Cover: Affecting Fictions: Mind, Body, and Emotion in American Literary Realism, from Harvard University PressCover: Affecting Fictions in HARDCOVER

Affecting Fictions

Mind, Body, and Emotion in American Literary Realism

Add to Cart

Product Details


$65.00 • £52.95 • €58.50

ISBN 9780674025127

Publication Date: 06/30/2007


320 pages

6-1/8 x 9-1/4 inches


This is a truly important project of reading realism through somatic experience, including sensation, aesthetics, and physiology. Thrailkill offers bold interpretations of the relations between corporality and realism. Working at the intersections of modernity, genre, and history, Thrailkill challenges us to incorporate “physiological thinking” into our theories of affect and reading realism’s effects on the body. An impressive response to the explosion of work on sentimental and sensational fictions.—Dale Bauer, Professor of English at the University of Illinois at Urbana-Champaign.

Thrailkill opens up fresh ways of thinking about our whole aesthetic experience—meaning our whole body-and-mind experience—by combining contemporary theories of emotion with surprising readings of literature and philosophy from a century ago. The book excitingly reorients our understanding American literary realism, and it uses this literature to advance our current discussions of the place of affect in writing and reading.—Randall Knoper, author of Acting Naturally: Mark Twain in the Culture of Performance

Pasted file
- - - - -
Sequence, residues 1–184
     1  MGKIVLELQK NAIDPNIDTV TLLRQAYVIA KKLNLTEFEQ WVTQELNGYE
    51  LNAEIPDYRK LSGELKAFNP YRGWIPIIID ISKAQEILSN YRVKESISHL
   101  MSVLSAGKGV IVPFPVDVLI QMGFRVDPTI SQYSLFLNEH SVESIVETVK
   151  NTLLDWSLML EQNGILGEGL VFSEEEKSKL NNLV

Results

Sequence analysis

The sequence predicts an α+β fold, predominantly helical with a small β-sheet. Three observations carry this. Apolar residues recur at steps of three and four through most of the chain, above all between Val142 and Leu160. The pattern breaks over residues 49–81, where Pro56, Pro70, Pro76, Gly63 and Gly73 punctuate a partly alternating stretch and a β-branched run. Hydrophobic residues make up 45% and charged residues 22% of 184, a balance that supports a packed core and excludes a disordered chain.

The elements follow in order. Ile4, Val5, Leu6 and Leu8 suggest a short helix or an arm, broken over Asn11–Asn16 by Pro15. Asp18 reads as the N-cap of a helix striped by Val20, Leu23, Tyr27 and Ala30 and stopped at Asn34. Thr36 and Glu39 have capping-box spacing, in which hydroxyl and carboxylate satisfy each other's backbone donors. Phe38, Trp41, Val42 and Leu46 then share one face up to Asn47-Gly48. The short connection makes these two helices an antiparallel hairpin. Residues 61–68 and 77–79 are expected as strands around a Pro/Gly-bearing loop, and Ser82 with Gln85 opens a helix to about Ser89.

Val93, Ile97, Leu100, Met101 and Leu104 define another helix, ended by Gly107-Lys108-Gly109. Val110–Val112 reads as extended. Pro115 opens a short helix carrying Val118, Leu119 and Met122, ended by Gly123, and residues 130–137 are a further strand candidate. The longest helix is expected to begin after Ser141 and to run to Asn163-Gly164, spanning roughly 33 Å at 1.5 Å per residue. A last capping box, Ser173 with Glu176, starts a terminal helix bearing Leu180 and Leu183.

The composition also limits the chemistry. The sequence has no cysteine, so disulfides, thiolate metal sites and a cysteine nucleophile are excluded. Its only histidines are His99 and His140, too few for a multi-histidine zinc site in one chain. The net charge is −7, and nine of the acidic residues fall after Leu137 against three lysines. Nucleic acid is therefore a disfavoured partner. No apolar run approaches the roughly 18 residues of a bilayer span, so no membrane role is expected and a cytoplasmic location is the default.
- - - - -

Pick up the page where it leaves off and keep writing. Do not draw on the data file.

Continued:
From Our Blog

Jacket: The Privileged Poor: How Elite Colleges Are Failing Disadvantaged Students, by Anthony Abraham Jack, from Harvard University Press

Book Club Spotlight: The Privileged Poor

As students around the world deliberate their options for further education, only made more challenging in a pandemic, we’re reminded that getting in is only half the battle. In The Privileged Poor: How Elite Colleges Are Failing Disadvantaged Students, Anthony Abraham Jack asks how—and why—do disadvantaged students struggle at elite colleges? What can schools can do differently if these students are to thrive? As back to school season begins, we spoke to two university book clubs that read and discussed The Privileged Poor this summer.